Tricia Wang: As an ethnographer, your job is to understand other people’s perspectives. It’s a practice that’s entirely about stepping outside your own shoes to understand the world as others see and experience it. Learning shouldn’t be didactic. I believe learning is all about meeting the students where they are at, and then doing everything you can to show them different perspectives of the world. To do this, teachers have to put themselves in the students’ position – and this is a step that many teachers forget. They often only teach from their own perspective, so they fail to bring the students along.
What do you see as the next big leap in learning technology?
Tricia Wang: There has been a lot of hype around for the last thirty or so years related to the never-ending dream of a pure AI-robot world. Learning and education have enveloped in this narrative: imagine if it we could only be taught by robots! You wouldn’t have to rely on a teacher – the AI system would help you figure out what you need to learn. I actually think this is a very lovely dream: The upside is that we’re talking about robots giving you individualised learning. They’re able to see an individual’s learning patterns and the machine can curate a specific type of learning for an individual. That’s pretty cool.
The reality, though, is that the people working on the cutting edge of AI are talking about humans in the loop, where the idea is having humans and robots work together. Where is the right point to insert the human in the loop? So it’s not that AI is out of the picture; it’s still the foundation of what’s going to be done. However, the discussion is going ahead thoughtfully about the correct point at which to insert the human into the experience to maximise the learning.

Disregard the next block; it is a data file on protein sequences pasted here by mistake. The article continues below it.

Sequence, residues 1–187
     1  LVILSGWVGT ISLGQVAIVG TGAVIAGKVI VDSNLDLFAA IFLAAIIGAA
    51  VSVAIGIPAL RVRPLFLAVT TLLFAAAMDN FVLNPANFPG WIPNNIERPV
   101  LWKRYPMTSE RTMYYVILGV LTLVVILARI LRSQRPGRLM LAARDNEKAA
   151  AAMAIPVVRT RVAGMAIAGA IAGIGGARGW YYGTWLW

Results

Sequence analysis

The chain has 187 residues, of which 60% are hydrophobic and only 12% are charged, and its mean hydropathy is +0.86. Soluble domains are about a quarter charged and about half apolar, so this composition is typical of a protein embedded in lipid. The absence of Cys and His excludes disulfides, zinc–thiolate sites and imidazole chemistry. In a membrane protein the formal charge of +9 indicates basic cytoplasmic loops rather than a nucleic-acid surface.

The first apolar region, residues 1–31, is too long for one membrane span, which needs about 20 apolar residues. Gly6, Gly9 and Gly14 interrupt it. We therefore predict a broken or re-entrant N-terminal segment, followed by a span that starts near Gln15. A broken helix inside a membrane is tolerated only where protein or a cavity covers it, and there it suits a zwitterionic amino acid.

The other thing I’m excited about is VR. I think we have a long way to go with virtual reality being put into the classroom. It’s still the early days, but what’s exciting, I think, is that you’re able to curate these experiences.
The watch-out for VR in the class room is that without the right teacher, it can fall into some sort of empathy tourism, where it’s like, ”Let’s get to understand poor people. Let’s put on our goggles, and we’ll go to some stereotypical poor place.” The result is that people would assume they have understanding just because they have had this VR experience.
I think we’re going to have to ensure that when the technology is launched, we have educators who really know how to set up the context. This context setting can lead to what I call “perspective shifting”—the ability to see the world from another perspective and hold multiple versions of reality up at once. This is really what learning is about – shifting your perspectives and understanding that the whole world is a product of billions of perspectives. What’s the point of learning if it’s not to shift your own understanding on a topic? When a new tool is introduced, we have to ensure we don’t just introduce something without curating the context to produce a shift in perspective.
Tricia will be speaking at the #OEB16 opening plenary on “Owning Learning”. Find out more here.